Armed with a profound and slightly prophetic title and artwork clearly influenced by Guernica-era Picasso, it's clear from the outset that this is going to be a pretty brooding, serious offering from Mr Arthur. With a dark, potent song content and a broad palette of sounds on offer, he certainly doesn't disappoint on that front. It's little wonder then that he's made considerable waves on the other side of the pond when this was released last year quite why it took over eight months to get a release over here is a bit baffling. Shame.
Brief icebreaker "In Ohio" with high-octane, waiflike vocals from Arthur introduces a bit of mysticism to proceedings, before the poppiest moment of the album "Can't Exist" comes in with Arthur in extreme gravel voice, Tom Waits-esque mode. The first two tracks are typical of how effortlessly Arthur switches between ambiences and mood throughout the work.
Soon, "Stumble and Pain" adds a bit of grit to things, complete with crunching beats and vocals that reflect the foreboding title - top marks also for the false, unsuspecting ending, before sweeping, grandiose strings finish the job off. Nice. Later, the melodic "Devil's Broom" with highly impassioned vocals and melodic hooks, gives way to the decidedly Eels like respite that is "Echo Park" which with it's twee orchestrals elevates the tone a bit, yet lacks in crucial substance.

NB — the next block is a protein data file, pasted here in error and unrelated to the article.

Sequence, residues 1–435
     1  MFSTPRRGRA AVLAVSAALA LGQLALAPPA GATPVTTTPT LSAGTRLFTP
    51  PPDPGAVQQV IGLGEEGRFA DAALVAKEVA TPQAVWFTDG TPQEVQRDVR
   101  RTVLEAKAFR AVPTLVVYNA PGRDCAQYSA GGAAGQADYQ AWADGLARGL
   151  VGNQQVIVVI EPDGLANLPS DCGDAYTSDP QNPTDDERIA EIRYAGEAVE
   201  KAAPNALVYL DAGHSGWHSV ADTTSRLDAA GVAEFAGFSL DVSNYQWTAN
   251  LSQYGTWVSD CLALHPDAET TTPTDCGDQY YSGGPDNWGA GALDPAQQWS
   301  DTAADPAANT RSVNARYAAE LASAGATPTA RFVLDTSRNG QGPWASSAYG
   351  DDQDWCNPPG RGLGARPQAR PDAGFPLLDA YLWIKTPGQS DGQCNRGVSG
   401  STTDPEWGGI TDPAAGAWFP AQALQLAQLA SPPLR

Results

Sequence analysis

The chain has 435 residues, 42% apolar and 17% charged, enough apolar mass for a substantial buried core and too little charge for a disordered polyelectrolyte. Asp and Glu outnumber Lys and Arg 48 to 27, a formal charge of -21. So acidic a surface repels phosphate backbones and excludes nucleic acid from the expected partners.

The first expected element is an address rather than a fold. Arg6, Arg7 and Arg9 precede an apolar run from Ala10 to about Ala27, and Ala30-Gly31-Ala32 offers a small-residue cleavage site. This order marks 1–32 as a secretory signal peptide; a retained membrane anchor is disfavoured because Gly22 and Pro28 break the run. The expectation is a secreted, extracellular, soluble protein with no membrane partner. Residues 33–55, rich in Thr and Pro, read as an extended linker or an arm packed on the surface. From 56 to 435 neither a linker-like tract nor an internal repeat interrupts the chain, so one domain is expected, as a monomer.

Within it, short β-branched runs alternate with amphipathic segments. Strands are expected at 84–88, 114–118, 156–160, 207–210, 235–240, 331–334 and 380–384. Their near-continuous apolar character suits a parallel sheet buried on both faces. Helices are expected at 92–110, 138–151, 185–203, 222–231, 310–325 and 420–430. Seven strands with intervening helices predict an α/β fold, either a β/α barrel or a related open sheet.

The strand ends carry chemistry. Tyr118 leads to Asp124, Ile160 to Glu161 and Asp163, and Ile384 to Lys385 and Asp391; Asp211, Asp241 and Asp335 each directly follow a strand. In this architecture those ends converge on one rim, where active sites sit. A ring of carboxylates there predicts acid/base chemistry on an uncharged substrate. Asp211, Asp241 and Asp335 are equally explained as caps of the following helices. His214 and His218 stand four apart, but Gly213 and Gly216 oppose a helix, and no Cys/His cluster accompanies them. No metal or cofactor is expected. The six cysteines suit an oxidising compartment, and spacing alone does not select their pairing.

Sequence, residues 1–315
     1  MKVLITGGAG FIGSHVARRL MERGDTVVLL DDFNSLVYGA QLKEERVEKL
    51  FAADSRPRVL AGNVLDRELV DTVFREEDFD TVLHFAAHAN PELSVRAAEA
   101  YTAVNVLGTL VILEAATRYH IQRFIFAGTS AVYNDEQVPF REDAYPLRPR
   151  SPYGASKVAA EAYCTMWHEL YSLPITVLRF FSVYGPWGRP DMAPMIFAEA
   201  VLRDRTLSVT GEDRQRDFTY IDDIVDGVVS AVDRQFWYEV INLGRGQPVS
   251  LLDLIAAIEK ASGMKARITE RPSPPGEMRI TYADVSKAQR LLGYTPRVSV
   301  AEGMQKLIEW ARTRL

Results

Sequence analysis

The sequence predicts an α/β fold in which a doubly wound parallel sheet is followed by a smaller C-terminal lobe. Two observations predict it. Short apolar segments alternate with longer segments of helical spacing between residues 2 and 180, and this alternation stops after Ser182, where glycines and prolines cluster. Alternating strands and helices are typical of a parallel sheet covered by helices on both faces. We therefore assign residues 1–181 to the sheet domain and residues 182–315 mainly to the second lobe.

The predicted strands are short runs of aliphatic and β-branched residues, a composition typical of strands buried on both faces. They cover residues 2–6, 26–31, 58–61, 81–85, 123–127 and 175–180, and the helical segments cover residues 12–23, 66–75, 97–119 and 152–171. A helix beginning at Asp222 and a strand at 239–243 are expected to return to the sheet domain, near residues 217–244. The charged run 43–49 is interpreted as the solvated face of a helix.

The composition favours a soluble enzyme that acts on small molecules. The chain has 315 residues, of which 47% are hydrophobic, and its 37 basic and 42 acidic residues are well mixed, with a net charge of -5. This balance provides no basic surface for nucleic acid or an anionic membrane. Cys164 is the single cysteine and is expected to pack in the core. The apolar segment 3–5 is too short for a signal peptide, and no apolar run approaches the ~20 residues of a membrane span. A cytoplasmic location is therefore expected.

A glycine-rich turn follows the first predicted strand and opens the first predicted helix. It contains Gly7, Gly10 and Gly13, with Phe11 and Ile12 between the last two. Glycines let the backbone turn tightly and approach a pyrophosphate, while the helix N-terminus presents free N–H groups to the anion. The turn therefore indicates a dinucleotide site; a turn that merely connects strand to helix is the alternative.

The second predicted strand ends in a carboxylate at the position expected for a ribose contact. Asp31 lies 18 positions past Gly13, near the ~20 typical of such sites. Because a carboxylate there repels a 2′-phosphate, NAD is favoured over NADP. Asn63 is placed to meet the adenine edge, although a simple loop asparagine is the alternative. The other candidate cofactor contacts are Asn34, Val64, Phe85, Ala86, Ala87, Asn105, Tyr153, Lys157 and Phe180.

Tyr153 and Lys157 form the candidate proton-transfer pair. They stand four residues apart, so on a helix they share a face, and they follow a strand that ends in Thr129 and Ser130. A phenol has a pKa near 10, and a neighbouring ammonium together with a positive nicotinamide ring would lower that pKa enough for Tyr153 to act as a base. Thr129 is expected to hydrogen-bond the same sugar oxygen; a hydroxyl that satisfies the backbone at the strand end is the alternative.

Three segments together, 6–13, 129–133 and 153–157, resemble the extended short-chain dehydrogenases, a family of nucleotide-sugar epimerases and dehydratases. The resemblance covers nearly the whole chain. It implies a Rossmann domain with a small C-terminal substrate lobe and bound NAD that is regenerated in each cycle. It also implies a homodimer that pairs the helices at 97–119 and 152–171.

"Shadows" is undeniably at its strongest though when Arthur is in liberated, experimental mode. "Wasted", for example, fuses artificial, electronic beats with sparse, haunting atmospherics and decidedly effeminate vocals from Arthur's proving what a dextrous voice box the man has. While juxtaposing this, "I Am" is almost anarchic, complete with snarling vocals, ominous noises and a rhythmic ditty of Repeat the words I am.
Such moments truly hint at greatness with Arthur. It's just a slight shame that "Puppets" and unsentimental closer "Leave Us Alone" offer us nothing new from what can be found elsewhere on this work and earlier albums Christ at some points such is the man's hoarseness, you're gagging to give him a throat lozenge.
A mature, thoughtful and at times very poignant album, true, this album isn't really one for the kids but if you love country-tinged rock with a twist this is a wet dream come true. For everyone else, "Our Shadows Will Remain" is an intriguing listen well worth embracing for its lofty high points.
by Scott Colothan